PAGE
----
"It has great potential," said City Councilman Luke Garrott after the program was announced at Liberty Park. "Government's role is to inform people of choices. If people are given choices, and the weather is good, people will find other ways to travel."
With SmartTrips, the city hopes to engage 1,000 households in the East Liberty neighborhood to dramatically scale back drive-alone trips from April 1 to Oct. 31. Residents will be provided resources, ranging from a city bicycling map, "WalkScore" map and Utah Transit Authority schedule to information on carpool and vanpool trips.
City Hall has arranged incentives, too. SmartTrip volunteers will receive a coupon book for discounts at eateries to encourage participants to dine near their homes. Seven-day UTA passes, bicycle pumps, taillights and pedo-meters also have been donated. And volunteers can sign up for complimentary community programs, including basic bike maintenance, bicycle commuting, riding public transportation, walkable destinations and women-only bicycle riding.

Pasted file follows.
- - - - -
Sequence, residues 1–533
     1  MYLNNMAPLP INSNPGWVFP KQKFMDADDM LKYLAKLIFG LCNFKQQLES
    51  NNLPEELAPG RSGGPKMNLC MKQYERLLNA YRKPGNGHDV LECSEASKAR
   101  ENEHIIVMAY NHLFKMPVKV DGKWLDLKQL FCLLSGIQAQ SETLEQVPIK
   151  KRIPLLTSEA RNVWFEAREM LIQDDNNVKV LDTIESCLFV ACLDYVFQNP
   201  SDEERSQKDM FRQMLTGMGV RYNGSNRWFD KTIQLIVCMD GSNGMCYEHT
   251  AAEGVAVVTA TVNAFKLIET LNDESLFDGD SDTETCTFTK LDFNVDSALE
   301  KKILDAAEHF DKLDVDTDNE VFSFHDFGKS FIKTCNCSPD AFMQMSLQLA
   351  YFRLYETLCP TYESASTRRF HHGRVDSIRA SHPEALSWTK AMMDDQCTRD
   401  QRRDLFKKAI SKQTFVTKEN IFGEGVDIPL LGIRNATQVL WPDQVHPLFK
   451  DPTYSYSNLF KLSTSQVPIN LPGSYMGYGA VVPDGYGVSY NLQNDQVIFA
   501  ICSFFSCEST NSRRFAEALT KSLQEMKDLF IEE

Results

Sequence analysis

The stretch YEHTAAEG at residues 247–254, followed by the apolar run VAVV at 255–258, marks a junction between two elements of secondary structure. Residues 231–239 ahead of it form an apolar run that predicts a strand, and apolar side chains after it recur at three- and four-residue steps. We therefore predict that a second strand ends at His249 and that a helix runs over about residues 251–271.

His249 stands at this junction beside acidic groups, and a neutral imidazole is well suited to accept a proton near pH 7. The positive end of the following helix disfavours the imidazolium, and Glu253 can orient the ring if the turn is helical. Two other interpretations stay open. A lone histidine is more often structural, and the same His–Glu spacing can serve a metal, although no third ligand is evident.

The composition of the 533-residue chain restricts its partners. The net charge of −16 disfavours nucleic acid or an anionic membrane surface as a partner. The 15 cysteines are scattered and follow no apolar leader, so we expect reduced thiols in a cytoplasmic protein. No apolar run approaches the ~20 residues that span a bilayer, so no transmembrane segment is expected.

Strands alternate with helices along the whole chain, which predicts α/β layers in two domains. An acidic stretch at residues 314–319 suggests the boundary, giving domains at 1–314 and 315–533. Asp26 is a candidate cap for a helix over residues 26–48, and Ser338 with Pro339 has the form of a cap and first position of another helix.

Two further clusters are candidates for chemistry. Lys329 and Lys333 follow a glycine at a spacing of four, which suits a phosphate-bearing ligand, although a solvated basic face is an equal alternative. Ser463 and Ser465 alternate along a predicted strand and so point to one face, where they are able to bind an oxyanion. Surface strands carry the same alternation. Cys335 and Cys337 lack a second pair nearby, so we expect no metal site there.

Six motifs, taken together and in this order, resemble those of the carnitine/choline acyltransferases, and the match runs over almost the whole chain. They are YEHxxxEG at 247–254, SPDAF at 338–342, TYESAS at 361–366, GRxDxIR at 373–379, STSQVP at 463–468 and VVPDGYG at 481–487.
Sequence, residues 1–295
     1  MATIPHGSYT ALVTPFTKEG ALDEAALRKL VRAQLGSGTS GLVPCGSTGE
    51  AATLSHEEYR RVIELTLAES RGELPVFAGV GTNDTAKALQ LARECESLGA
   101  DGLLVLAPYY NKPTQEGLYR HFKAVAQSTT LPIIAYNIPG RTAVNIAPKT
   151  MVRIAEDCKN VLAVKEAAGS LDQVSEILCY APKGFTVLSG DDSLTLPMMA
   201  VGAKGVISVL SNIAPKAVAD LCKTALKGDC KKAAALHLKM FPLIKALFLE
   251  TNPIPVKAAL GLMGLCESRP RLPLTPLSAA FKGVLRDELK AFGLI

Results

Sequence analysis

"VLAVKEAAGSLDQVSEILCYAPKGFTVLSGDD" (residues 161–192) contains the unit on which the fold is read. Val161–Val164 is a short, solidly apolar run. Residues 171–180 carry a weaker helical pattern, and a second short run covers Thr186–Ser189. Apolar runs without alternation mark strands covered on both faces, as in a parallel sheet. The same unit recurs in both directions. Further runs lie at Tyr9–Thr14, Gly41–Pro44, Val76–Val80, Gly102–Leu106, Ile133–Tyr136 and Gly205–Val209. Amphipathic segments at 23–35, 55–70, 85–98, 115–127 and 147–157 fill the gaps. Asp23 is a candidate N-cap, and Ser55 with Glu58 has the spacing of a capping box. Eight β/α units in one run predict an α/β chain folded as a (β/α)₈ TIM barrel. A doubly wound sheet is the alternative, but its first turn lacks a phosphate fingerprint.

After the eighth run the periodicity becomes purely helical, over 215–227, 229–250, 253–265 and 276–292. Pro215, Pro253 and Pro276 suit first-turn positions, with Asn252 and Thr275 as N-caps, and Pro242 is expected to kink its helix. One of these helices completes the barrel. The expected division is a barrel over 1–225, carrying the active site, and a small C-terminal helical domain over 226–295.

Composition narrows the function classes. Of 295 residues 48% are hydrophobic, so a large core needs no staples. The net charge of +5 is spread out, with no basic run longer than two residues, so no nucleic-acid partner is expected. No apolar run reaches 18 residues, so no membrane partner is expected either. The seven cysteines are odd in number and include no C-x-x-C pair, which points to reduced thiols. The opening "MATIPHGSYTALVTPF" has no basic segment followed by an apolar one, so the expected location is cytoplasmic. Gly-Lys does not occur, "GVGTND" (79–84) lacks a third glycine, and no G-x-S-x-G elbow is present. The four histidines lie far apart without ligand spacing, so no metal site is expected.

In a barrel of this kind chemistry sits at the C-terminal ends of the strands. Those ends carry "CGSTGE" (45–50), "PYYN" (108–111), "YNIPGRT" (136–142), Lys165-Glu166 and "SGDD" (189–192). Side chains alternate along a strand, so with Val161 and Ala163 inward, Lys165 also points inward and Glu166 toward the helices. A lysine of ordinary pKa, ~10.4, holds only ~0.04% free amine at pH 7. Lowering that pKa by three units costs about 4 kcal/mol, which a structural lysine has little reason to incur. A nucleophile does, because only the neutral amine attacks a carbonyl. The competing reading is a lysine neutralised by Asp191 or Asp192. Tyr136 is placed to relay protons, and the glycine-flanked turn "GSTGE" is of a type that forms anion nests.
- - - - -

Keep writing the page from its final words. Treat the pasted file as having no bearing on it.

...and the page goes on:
Transportation officials will encourage people to log their alternative-transit mileage so the program's effectiveness can be reviewed this fall.
East Liberty was chosen for its mix of residential and business districts along with its proximity to pubic transit and bike lanes, though Garrott notes SmartTrips could expand citywide.
"Given the track record in other cities," he said, "there's no reason it won't be successful in Salt Lake City."
The boundary for the East Liberty test is 900 South to 1300 South between 700 East and 1100 East, according to city transportation director Robin Hutcheson. She notes interested participants can go online to order a kit at http://tinyurl.com/79a3364.
The kit will be delivered on a bike.
Order a kit
O Those interested in SmartTrips can go online to order a kit at http://tinyurl.com/79a3364. The kit will be delivered on a bike.